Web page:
FedEx was accused by New York City of taking part in a racketeering conspiracy by shipping tons of untaxed cigarettes from a Long Island Indian reservation to city residents' homes.

The city, in a complaint filed Monday in federal court in Manhattan, alleged FedEx transported about 19.5 tons of untaxed cigarettes from the Shinnecock Smoke Shop in Southampton, New York, from December 2005 to January 2012. The bulk of the shipments followed a February 2006 agreement with New York's attorney general to stop the deliveries, the city claimed.

"FedEx intended to, and did in fact, actively facilitate the contraband cigarette trafficking of Shinnecock Smoke Shop," the city said.

New York City imposes a $15 excise tax on each carton of cigarettes, which generally pass through wholesalers who affix tax stamps, according to the complaint. By law, the tax must be incorporated into the price of the product, the city said. New York state also taxes cigarettes.

The city is seeking triple damages of $2.5 million under civil provisions of the Racketeer Influenced and Corrupt Organizations Act in the lawsuit, which was filed against FedEx units FedEx Ground Package System and Federal Express Corp.

It's also asking for a ruling that bars FedEx from making further deliveries of untaxed cigarettes in New York, a civil penalty of $49.5 million, and the appointment of an independent monitor to oversee FedEx's compliance with the court order.

FedEx is the operator of the world's largest cargo airline, and competes for package deliveries with United Parcel Service. It "prohibits the shipment of tobacco direct to consumers and believes the claims made by the city are overstated and not founded in law," according to a statement forwarded by Angela Wheland, a spokeswoman.

FedEx said that without a specific reason it won't open packages to determine their content in order to protect customer privacy. It said it has ceased doing business with "shippers identified as violating this provision and notified the state of New York."

"FedEx intends to defend this case while continuing to work with authorities to stop prohibited tobacco shipments," the company said.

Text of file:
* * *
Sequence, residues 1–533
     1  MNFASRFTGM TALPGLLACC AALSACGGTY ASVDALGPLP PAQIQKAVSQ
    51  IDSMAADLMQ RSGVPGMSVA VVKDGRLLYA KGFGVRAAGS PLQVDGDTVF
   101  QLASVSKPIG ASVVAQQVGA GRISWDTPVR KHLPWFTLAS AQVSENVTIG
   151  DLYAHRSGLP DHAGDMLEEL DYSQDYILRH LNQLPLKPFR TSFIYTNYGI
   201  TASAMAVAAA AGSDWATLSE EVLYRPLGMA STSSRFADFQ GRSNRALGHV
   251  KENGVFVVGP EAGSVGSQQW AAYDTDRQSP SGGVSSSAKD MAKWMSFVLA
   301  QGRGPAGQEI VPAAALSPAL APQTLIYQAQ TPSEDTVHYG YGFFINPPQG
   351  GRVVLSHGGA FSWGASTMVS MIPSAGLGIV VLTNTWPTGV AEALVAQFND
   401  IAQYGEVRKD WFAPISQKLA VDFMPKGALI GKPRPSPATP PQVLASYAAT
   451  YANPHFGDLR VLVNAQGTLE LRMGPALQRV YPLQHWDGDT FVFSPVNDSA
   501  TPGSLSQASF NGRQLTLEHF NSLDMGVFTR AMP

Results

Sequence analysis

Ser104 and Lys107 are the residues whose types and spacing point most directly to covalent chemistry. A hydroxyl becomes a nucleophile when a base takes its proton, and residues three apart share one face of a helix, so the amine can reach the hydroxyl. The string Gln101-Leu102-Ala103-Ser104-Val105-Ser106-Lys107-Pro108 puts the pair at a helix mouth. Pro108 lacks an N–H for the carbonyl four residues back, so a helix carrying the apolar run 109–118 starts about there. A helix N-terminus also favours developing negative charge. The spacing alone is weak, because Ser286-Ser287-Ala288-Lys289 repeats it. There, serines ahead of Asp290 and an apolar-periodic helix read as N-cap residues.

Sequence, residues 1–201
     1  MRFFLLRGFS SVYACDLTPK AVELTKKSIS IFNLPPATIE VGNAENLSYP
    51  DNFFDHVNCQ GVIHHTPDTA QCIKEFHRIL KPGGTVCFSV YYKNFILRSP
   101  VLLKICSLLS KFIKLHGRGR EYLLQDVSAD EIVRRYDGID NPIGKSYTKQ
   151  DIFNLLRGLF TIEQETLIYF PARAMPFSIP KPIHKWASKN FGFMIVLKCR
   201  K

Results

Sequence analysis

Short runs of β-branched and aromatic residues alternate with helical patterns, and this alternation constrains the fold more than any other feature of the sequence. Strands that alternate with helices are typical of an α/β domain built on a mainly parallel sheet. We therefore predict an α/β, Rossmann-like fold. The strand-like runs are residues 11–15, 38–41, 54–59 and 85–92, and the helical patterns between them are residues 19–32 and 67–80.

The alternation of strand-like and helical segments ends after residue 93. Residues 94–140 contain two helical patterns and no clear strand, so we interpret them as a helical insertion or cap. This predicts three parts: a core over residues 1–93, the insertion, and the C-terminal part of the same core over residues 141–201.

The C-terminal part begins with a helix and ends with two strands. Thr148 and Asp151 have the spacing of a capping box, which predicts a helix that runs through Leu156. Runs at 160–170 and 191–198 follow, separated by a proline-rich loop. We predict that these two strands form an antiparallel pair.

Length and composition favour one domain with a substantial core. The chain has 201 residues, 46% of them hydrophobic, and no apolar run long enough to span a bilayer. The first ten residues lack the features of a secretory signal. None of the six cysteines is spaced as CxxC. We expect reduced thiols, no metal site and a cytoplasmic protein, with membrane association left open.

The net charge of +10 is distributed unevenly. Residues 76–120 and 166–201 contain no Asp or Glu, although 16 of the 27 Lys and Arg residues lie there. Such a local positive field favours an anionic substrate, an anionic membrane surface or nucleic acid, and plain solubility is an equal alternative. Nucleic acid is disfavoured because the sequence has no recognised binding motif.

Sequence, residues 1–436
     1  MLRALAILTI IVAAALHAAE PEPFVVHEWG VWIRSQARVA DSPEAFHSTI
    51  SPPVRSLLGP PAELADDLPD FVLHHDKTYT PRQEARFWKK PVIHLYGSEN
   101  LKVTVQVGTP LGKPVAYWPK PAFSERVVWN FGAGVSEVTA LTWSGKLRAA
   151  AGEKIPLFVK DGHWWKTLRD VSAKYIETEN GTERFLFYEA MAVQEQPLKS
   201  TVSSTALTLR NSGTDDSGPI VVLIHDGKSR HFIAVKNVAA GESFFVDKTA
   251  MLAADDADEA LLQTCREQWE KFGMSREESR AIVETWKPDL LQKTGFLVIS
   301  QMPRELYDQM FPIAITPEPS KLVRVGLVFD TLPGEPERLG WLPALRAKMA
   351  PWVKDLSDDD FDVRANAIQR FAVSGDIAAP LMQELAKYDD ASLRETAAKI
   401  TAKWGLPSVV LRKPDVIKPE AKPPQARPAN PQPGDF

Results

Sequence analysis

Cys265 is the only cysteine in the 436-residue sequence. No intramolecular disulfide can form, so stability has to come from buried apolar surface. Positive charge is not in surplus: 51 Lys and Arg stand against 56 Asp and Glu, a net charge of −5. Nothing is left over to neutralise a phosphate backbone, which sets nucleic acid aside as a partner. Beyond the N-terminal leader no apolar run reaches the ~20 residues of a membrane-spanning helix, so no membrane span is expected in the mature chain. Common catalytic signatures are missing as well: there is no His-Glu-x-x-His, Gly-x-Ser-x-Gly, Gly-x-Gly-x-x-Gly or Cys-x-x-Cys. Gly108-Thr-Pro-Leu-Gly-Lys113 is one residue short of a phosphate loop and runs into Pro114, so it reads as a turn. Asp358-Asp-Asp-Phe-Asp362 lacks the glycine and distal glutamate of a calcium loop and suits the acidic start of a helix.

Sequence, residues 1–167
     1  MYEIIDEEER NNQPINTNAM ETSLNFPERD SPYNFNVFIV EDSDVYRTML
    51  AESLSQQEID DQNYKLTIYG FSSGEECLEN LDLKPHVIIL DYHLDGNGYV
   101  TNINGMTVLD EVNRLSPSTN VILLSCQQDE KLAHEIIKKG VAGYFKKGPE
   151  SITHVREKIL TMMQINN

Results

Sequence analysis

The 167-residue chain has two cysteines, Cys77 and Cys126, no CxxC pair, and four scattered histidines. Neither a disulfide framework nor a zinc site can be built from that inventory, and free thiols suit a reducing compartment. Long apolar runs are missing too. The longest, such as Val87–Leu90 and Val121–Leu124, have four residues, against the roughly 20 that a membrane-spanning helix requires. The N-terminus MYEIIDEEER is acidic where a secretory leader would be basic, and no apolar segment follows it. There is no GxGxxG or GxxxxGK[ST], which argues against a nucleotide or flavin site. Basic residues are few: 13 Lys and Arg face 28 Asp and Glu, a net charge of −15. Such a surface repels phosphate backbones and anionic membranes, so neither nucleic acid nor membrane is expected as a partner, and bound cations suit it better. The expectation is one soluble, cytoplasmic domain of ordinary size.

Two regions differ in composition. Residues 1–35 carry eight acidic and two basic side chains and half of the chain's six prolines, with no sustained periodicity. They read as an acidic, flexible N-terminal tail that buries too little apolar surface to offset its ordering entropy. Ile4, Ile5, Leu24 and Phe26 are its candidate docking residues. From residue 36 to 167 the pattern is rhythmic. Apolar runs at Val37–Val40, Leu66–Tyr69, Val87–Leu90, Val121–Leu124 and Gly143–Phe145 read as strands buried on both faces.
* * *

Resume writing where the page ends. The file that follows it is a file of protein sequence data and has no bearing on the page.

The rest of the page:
New York Indian tribes, including the Shinnecock Indian Nation, have claimed that their smoke shops aren't subject to state and local cigarette taxes. The owner of the Shinnecock Smoke Shop, Jonathan Smith, is a member of the Shinnecock Nation and has been involved in legal disputes with state officials and others over his alleged sale of cigarettes without tax stamps.

A call placed Monday to a phone number for the smoke shop wasn't answered. A Manhattan lawyer who has represented Smith in past lawsuits over his cigarette sales, Scott Moore, didn't immediately respond to a request for comment.Smith and his shop weren't named as defendants in today's suit.

The city says cigarette trafficking undercuts its efforts to reduce the incidence of smoking and related health complications.

"Higher cigarette prices have been incontrovertibly established to convince greater numbers of smokers to quit, reducing the incidence of smoking-related death and disease," lawyers for the city wrote in the complaint.

In addition to its dealings with Shinnecock Smoke Shop, FedEx provided delivery services for "numerous other cigarette traffickers" during and after negotiations of its 2006 deal with the state attorney general, the city alleged.

From at least 2006 through 2009, FedEx Ground serviced a Kentucky-based cigarette enterprise called "CigarettesDirect2U.com," which was shut down by federal authorities, the city alleged.

FedEx Ground agreed to pay $2.4 million to the city in March to resolve claims of improperly delivering untaxed cigarettes for the Kentucky seller, according to a press statement from that period announcing the settlement.

Earlier this year, FedEx said that it was also the target of a U.S. criminal probe into drug shipments by illegal online pharmacies. UPS reached a non-prosecution agreement in the case in March, including forfeiture of $40 million in payments that it received from such outlets.